How Europe rose to the occasion

The EU has displayed remarkable agility in its response to Putin’s war

March 25, 2022
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The Polish, German and French leaders attend a joint news conference. REUTERS / Alamy Stock Photo

I do not imagine that the question “Is the Ukraine crisis driving Europe together?” was uppermost in Vladimir Putin’s mind as he plotted so meticulously and with such vicious determination his war of aggression against Ukraine. But then he did overlook quite a lot of crucial questions—how the Ukrainians would respond to the aggression, how Nato would react, whether his modernised armed forces were really up to the task he was setting them, how vulnerable the Russian economy was to western sanctions—to name but a few.

Nor has the question about Europe being driven together been very prominent in the analyses of most western commentators. More attention is being paid to the way Putin’s aggression has consolidated Nato’s Trump-shaken unity, to the quandary of China and the possible consequences for Taiwan and the US’s Indo-Pacific pivot, and to the heroic resistance of the Ukrainian armed forces and people—all important questions in their own right. But that European Question is up there in significance with the others and should not be overlooked, because we too are Europeans and will be profoundly affected by the way it plays out.

Consider the main ways in which Europe has been driven together. Occurring within the astonishingly short period of less than month, they include:The revolution in the foreign and security policy of the EU’s largest member state, Germany, which has committed to achieving the Nato target of 2 per cent of GNI in short order, and taken the decision to send defensive weapons to Ukraine, financed in part by the EU itself.

- The shaping of a fundamentally changed EU energy policy, designed to radically reduce dependence on Russian oil, gas and coal, without resiling from the Paris and Glasgow commitments on climate change. This includes Germany’s effective cancellation of the Nord Stream 2 gas pipeline.

- The imposition of swingeing sanctions, including the exclusion of Russia’s financial institutions from the SWIFT messaging system. The freezing of Russian oligarchs’ assets including houses and yachts.

- A generous and liberal response to the surge of three million Ukrainian refugees—a figure dwarfing the Syrian and Afghan influx to the continent, which had defied all EU efforts to respond adequately and humanely.

- The complete disappearance of the usual Putin sympathisers in the EU (Hungary, Cyprus, Greece, Italy).

- The tabling of three new membership applications by Ukraine, Georgia and Moldova, on which the Commission has been asked to provide an opinion.

 Each of these would in normal times have taken months of agonising debate.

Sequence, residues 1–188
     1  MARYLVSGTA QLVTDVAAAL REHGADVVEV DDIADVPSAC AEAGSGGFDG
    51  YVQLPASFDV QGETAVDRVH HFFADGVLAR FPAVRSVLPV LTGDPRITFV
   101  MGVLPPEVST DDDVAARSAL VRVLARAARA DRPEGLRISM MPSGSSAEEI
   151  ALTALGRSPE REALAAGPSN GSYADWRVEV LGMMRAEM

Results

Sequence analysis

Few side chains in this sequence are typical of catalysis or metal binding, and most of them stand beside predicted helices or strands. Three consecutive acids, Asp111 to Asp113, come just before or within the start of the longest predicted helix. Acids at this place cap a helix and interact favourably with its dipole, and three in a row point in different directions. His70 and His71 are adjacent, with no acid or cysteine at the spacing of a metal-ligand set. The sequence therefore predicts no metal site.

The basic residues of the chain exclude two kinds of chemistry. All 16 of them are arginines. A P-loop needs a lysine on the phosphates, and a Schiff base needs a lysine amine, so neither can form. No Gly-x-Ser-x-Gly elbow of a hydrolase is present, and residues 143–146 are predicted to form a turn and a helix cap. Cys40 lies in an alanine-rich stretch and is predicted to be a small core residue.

Does that mean it will all be easy going to implement these decisions smoothly and effectively? Of course not. Just think of the complexities that lie ahead.

Germany’s new foreign and security policy will pose any number of difficult detailed decisions for Scholz’s coalition government to grapple with. A new energy policy will impose painful costs on industry and on individuals, while forcing hard choices between renewables, nuclear and non-Russian gas—and the need to avoid slipping towards climate change chaos. Sustaining the sanctions stranglehold on Russia until there is a genuine change in Putin’s policy over Ukraine will be no picnic. Nor will handling the populist pressures likely to emerge from the migration surge. Shaping a new EU policy towards Russia that will face the reality of that huge country, with its nuclear arsenal, remaining on our doorstep; ensuring Europe remains in lockstep with the ultimate guarantor of its security, the US, through the 2024 presidential election and beyond; reconciling the inbuilt tensions between European strategic autonomy and Nato solidarity—all these things will present major challenges.

And if that is not enough to be getting on with, there is the additional question of how all this will affect the distinctly fraught post-Brexit relationship between the UK and the EU. That too will inevitably be changed, even if the prime minister’s crass remarks about Brexit and Ukraine suggest that that penny has not yet dropped in No 10. But squabbling over the minutiae of the Northern Ireland Protocol can only distract from the true threat facing the whole of Europe (of which we remain a part, even having left the EU).

There are more questions than answers, of course. Some could prove easier to answer, although more painful if—as seems all too likely—Putin doubles down on his approach and his war crimes. In an odd way, the questions could be more difficult to answer if Putin is seen to have failed. Nevertheless, that is surely what we should be hoping for.